Not all of Australia's capital cities depended on convicts for their early development. The settlers who went to Adelaide wanted their new town kept free of convicts and resisted accepting them, even though this meant there were often shortages of workers to build roads, work on farms and construct buildings. Adelaide developed into a city that valued freedom. It had its own local government only a few years after founding, and its women were the first in Australia to gain the vote.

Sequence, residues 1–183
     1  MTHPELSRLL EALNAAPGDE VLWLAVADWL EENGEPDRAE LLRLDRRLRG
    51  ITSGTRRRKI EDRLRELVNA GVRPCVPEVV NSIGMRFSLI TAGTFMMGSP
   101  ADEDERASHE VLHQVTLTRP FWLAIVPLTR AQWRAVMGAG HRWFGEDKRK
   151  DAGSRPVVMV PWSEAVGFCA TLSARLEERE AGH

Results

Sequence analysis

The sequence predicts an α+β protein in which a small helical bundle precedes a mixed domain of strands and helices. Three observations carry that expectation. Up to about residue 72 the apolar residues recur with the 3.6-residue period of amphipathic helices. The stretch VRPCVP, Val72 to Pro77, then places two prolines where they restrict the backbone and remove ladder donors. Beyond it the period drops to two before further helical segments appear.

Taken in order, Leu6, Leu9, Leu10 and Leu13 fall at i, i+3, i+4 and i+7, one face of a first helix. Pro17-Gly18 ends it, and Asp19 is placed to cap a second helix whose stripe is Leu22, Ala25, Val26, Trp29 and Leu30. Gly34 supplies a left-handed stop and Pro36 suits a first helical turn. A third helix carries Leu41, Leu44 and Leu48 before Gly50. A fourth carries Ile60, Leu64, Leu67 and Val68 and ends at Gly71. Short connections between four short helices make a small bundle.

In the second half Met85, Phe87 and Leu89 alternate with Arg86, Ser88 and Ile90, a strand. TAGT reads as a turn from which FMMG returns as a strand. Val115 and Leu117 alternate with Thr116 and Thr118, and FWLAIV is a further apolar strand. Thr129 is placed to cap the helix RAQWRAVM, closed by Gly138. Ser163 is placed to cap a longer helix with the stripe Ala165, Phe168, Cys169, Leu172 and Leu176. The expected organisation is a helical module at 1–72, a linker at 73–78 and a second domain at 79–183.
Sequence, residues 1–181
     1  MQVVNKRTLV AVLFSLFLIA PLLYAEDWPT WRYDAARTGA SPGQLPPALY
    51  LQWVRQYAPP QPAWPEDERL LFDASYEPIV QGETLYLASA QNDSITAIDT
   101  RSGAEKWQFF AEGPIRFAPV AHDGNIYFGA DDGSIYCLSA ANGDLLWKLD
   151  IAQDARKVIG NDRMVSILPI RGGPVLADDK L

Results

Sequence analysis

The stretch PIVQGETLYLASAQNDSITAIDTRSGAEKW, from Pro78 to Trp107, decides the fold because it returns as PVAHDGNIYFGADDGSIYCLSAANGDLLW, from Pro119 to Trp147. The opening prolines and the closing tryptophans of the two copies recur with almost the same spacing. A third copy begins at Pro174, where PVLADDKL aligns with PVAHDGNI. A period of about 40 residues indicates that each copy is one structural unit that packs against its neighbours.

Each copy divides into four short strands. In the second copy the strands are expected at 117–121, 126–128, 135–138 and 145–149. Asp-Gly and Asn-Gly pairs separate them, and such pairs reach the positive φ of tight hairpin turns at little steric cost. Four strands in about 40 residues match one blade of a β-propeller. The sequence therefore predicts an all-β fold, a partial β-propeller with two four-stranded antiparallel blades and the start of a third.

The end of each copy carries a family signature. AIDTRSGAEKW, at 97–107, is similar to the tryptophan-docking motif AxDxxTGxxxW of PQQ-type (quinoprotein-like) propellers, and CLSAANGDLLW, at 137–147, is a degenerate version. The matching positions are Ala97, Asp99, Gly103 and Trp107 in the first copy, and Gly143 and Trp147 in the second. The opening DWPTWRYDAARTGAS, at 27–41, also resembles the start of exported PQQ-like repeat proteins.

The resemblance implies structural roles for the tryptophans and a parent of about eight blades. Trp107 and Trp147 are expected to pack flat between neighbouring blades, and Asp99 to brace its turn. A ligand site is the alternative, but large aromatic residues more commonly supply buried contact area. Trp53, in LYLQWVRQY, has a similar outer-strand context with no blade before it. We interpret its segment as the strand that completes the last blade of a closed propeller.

Each of Australia's eight capital cities has a unique history. Some, like Sydney, depended on convicts for their early survival. Others, such as Adelaide, refused to accept convicts and developed differently as a result. Having a reliable source of fresh water was a common requirement, which is why all of the cities are located beside a water supply of some sort. Many cities struggled through their early years, until the 19th century Gold Rush provided them with the funds to build magnificent civic buildings, as well as roads, bridges and railways. Today, each of the capitals has its own character and attractions, and their development plans will determine the shape of Australia's future.